People who own business assets with others can easily facilitate inheritance of their shares outside probate after death. As a business owner, you may consider titling your assets jointly depending on your state’s laws.
By definition, joint ownership refers to the possession of the same asset by more than one person. These assets not only include properties such as houses but also accounts, vehicles, business equipment and insurance among others. However, joint ownership differs with the type of business. Consider a visit to your “probate attorney near me 11518” to understand whether joint ownership can work for you.
If two or more individuals own an asset, joint tenancy guidelines will apply automatically in case one of the owners dies. The plan allows surviving owners to inherit the decedent’s portion of the assets instantly, without probate. This simply means that there is no need for the owners to prove through a will that needs to inherit the assets in the event of death.
Although there are several ways through which business assets can own assets together, joint business ownership is more common because it involves fewer processes when it comes to sharing assets after death.
Before implementing joint business ownership of your business, you need to understand the various options available. Of course, the ownership can only work if all the owners are listed on the title of the business asset. The various ways through which you can use joint ownership to avoid probate include:
- Joint tenancy but with survivorship rights
- Community property
- Tenancy by entirety
Joint tenancy with survivorship rights – this kind of joint business ownership allows business assets to be passed to other owners automatically after one of them passes away. It is ideal for businesses that own real estate, machinery, securities, vehicles, and financial accounts. Establishing a joint tenancy is very straightforward and does not cost any money. To set it up, both the owners need to sign an agreement with the relevant office.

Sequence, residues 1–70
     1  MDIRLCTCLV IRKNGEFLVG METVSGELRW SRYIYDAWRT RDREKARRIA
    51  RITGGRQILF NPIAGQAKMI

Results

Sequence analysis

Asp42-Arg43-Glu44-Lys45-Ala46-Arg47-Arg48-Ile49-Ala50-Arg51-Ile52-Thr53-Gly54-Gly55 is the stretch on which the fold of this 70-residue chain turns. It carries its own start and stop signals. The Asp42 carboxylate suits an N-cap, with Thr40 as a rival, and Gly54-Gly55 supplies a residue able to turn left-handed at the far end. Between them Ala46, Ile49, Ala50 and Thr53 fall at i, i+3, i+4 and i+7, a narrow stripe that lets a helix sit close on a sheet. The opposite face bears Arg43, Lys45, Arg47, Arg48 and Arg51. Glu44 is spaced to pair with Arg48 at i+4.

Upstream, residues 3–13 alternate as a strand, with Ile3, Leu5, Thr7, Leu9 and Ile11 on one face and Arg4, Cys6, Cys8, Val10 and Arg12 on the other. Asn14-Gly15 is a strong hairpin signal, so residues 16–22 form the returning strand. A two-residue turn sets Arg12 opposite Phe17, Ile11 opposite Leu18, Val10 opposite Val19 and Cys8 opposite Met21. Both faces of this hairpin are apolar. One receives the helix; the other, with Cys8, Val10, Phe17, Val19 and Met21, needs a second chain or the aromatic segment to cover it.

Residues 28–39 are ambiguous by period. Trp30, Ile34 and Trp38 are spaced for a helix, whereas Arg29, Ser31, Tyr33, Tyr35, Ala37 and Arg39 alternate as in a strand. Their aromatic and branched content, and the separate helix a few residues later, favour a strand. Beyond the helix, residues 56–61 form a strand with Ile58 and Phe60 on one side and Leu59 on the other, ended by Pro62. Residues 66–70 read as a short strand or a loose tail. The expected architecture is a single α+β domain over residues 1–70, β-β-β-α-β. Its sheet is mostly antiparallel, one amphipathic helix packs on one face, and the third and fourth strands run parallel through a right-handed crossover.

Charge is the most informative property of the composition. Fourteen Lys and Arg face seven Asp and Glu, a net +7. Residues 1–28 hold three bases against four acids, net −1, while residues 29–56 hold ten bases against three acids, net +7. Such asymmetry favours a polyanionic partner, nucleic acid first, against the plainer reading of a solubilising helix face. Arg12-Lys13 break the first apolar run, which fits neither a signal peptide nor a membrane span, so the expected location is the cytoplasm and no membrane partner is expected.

After one business owner passes away, the surviving owners will be required to fill a certain form and bring it alongside the decedent’s death certificate to the right office.
Community property with survivorship rights – Married couples can jointly own business assets as a way of keeping these assets off the probate court. Upon the death of one partner, the surviving one automatically becomes the new owner of the jointly owned business assets. This is accomplished in a simple process where probate is not required.
Tenancy by entirety –this is slightly different from joint tenancy and only applies to married couples. The couples fill a certain form to subscribe to this arrangement. Any business assets owned in entirety gets automatically passed on to the surviving spouse after death. The process is straight forward and is carried out outside probate.